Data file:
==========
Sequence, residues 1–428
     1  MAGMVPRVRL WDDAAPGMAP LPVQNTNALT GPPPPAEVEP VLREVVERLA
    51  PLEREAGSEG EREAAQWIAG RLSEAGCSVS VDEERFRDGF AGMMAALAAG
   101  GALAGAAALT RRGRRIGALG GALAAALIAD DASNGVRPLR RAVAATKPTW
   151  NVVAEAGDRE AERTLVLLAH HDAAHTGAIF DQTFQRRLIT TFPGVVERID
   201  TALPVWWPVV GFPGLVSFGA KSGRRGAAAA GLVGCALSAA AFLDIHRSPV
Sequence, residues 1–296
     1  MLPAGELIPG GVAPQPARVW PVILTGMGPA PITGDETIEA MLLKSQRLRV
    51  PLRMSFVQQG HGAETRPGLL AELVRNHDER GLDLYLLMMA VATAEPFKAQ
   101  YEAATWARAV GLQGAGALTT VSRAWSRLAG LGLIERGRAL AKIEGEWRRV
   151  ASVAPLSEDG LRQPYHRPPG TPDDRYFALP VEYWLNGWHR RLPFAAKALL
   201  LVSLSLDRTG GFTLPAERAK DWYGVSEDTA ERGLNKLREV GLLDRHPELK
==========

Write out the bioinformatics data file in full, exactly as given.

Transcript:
Sequence, residues 1–428
     1  MAGMVPRVRL WDDAAPGMAP LPVQNTNALT GPPPPAEVEP VLREVVERLA
    51  PLEREAGSEG EREAAQWIAG RLSEAGCSVS VDEERFRDGF AGMMAALAAG
   101  GALAGAAALT RRGRRIGALG GALAAALIAD DASNGVRPLR RAVAATKPTW
   151  NVVAEAGDRE AERTLVLLAH HDAAHTGAIF DQTFQRRLIT TFPGVVERID
   201  TALPVWWPVV GFPGLVSFGA KSGRRGAAAA GLVGCALSAA AFLDIHRSPV
Sequence, residues 1–296
     1  MLPAGELIPG GVAPQPARVW PVILTGMGPA PITGDETIEA MLLKSQRLRV
    51  PLRMSFVQQG HGAETRPGLL AELVRNHDER GLDLYLLMMA VATAEPFKAQ
   101  YEAATWARAV GLQGAGALTT VSRAWSRLAG LGLIERGRAL AKIEGEWRRV
   151  ASVAPLSEDG LRQPYHRPPG TPDDRYFALP VEYWLNGWHR RLPFAAKALL
   201  LVSLSLDRTG GFTLPAERAK DWYGVSEDTA ERGLNKLREV GLLDRHPELK